Manifesto-writing fugitive found camping on Wisconsin farm
Posted April 15
MILWAUKEE — Fearing a mass shooting, authorities chased nearly 800 leads in search of a Wisconsin man they believed had a cache of stolen firearms and had written of his desire to commit violent acts against the government.
But it wasn't until Thursday evening that a retired school counselor provided the break in the case, alerting investigators to a man he'd found camping on his property about 125 miles (200 kilometers) northwest of Janesville, Wisconsin. That's where a manhunt for Joseph Jakubowski, 32, began after authorities said he broke into a gun store April 4 and sent a threatening 161-page manifesto to the White House.
"Make no mistake, what could've happened here was a mass shooting. That was our concern," said Janesville Police Chief David Moore.
Law enforcement officers arrested Jakubowski at 6 a.m. Friday after setting a perimeter around him overnight. Milwaukee-based FBI special agent Justin Tolomeo said officers recovered five guns, multiple boxes of ammunition, a sword and containers of flammable liquid, as well as a protective vest and helmet.
Jakubowski looked disheveled and sleep-deprived and didn't put up a fight when officers arrested him, said Rock County Sheriff Robert Spoden.
"I can tell you that he surrendered without incident. There was no use of force," Spoden said. "It ended up being a very Good Friday."
Jakubowski's capture settled fears among residents and authorities over what he might do with his stockpile of weapons and ammunition. In his manifesto, Jakubowski detailed a long list of grievances against the government and law enforcement, and threatened unspecified attacks.
Jakubowski made his first court appearance in Madison on Friday afternoon. He faces local and federal weapons charges for allegedly stealing 18 firearms from a Janesville gun store. The FBI said it was considering additional charges with federal prosecutors.
Jeffrey A. Gorn, the property owner who called authorities, told The Associated Press he was driving his four-wheeler on his property late Thursday night and checking his deer stands when he spotted a blue tarp and discovered a man camping on his land. Gorn said he didn't realize it was Jakubowski, the target of an intense manhunt by at least 150 federal, state and local law enforcement officers.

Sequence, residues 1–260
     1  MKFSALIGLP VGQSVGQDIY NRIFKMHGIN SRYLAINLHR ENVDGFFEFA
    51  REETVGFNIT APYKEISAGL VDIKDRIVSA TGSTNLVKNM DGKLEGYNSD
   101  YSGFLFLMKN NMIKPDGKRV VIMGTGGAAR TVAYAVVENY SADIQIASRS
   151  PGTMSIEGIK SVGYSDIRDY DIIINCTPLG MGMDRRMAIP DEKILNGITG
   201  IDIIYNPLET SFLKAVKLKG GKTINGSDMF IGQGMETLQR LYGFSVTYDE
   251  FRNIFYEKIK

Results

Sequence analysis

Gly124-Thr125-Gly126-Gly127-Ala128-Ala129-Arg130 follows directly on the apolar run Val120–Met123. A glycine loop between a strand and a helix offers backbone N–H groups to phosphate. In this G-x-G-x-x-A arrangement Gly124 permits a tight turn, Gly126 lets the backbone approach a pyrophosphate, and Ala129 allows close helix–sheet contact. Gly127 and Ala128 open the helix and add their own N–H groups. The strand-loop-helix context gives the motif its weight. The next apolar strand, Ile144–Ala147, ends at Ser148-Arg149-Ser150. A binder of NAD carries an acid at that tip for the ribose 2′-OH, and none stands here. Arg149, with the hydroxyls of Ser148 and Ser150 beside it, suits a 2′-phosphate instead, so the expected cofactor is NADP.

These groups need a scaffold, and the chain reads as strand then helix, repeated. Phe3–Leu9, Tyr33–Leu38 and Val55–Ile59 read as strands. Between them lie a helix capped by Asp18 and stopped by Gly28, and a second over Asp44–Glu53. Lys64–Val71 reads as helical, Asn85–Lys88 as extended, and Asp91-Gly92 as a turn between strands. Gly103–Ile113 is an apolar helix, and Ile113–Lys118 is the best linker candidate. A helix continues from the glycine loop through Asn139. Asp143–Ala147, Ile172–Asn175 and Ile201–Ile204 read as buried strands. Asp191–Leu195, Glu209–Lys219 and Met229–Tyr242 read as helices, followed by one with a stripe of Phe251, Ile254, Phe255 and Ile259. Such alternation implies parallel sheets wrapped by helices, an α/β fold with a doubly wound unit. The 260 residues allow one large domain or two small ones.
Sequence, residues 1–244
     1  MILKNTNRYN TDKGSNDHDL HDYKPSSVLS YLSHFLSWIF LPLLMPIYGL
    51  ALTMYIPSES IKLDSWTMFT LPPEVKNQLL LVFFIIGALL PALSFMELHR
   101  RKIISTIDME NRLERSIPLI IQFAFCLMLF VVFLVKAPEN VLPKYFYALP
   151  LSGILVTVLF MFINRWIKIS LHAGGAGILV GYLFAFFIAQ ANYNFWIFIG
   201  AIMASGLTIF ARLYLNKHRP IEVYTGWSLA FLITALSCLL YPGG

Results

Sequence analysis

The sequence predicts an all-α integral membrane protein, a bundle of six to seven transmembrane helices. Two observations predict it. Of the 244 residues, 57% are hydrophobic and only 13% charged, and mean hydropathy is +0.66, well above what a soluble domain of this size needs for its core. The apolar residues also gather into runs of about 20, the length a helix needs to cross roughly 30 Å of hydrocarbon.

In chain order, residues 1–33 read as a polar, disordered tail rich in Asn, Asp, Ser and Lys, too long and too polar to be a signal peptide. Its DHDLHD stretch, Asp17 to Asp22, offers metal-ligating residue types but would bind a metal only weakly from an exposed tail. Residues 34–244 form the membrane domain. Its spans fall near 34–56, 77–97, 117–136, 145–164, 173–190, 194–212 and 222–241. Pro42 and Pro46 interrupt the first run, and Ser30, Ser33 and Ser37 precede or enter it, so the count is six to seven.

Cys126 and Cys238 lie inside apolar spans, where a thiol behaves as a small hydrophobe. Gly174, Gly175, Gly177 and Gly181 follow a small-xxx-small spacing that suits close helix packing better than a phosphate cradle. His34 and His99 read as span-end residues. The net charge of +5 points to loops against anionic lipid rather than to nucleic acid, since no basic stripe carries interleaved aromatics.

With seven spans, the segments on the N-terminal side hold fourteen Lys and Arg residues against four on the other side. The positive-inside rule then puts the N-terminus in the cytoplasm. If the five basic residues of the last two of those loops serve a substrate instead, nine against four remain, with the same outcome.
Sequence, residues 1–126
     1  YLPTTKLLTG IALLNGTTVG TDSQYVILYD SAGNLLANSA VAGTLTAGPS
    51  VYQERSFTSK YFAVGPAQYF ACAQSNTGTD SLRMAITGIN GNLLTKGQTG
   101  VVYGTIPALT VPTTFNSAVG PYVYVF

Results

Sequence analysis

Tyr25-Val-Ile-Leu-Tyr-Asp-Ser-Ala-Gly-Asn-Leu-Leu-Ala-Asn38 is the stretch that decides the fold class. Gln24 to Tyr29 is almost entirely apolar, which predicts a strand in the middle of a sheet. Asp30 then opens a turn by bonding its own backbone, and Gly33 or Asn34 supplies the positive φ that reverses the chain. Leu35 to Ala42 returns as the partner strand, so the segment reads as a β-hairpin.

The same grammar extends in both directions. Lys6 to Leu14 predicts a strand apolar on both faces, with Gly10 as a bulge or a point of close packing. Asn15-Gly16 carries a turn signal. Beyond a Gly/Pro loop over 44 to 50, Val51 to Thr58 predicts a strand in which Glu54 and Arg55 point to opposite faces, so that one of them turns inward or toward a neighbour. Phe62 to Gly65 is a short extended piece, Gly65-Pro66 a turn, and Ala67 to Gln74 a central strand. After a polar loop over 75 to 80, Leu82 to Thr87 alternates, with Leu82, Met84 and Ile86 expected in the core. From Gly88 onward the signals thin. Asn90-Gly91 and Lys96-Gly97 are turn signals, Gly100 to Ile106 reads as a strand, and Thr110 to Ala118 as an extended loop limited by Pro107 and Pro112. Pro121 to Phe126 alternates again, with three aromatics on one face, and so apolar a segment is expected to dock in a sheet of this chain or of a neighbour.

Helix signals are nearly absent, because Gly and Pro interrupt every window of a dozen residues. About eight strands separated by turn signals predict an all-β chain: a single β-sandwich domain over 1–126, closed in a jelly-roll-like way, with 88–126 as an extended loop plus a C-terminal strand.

Gorn approached the tent fashioned from the tarp and asked if anyone was inside. Jakubowski came out.
"He said he was off the grid," Gorn said. "And I told him you're not too far off the grid. You're on my grid."
Gorn, 58, a former high school guidance counselor, said he talked with Jakubowski for an hour.
"He seemed angry at the way he views society, how he believes money is controlling society," Gorn said, adding that the man was "extremely cordial."
"He never raised his voice, never showed any sign of doing anything inappropriate. I shook his hand twice," Gorn said. "He wanted me to see his points of view. He wanted me to see what he had written to various people."
Gorn said Jakubowski asked for food and asked if he had to leave the field. Gorn told him he could stay the night.
When he returned to his house, Gorn said he felt a bit uneasy with the campsite and called the Vernon County Sheriff's Office. Law enforcement officers began to descend on the property in the dark and set up a perimeter around the camp. Gorn estimated 100 officers arrived and sat down with him to look over maps of the property. A thermal imaging camera showed Jakubowski was in the tent, he said.
News of Jakubowski's capture brought relief to residents of Janesville.
"With the kind of weaponry he had, he could've done extensive damage," said Richard Erdman, owner of The Coin Shop, a pawn shop downtown. He said his wife had been avoiding the mall, fearing it could be the target of an attack.
"These kinds of things keep people on the edge," said Fabian Gonzalez, the general manager of the Milwaukee Grill. "A little bit stressful."
Associated Press writer Ivan Moreno contributed to this report.